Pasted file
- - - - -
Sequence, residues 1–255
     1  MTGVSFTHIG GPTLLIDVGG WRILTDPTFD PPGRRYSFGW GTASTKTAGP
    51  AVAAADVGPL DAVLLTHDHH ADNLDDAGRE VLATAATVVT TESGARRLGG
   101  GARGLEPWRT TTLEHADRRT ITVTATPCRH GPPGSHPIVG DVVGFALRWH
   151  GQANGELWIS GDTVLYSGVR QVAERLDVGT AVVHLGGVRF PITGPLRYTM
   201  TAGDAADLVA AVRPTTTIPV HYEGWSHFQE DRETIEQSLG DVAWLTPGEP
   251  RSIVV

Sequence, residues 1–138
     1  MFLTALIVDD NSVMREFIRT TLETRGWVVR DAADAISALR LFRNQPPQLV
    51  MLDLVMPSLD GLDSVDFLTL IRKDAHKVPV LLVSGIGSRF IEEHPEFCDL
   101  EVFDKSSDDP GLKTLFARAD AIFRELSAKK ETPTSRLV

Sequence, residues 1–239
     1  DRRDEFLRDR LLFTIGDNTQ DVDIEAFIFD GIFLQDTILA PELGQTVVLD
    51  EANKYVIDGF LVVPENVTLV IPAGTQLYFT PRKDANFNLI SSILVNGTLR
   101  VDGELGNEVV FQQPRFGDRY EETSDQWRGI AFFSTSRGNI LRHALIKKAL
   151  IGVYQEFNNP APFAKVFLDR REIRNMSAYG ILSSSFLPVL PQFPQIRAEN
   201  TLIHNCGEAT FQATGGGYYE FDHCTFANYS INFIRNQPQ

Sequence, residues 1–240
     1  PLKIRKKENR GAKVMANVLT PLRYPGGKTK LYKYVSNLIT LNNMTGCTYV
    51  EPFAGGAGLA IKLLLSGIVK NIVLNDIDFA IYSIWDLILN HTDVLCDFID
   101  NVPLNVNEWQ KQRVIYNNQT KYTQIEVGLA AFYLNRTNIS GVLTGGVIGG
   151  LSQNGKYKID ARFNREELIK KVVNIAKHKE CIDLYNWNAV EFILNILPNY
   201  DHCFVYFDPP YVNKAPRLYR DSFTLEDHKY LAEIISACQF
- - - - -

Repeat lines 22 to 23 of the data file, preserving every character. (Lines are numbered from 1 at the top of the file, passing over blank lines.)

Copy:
   151  LSQNGKYKID ARFNREELIK KVVNIAKHKE CIDLYNWNAV EFILNILPNY
   201  DHCFVYFDPP YVNKAPRLYR DSFTLEDHKY LAEIISACQF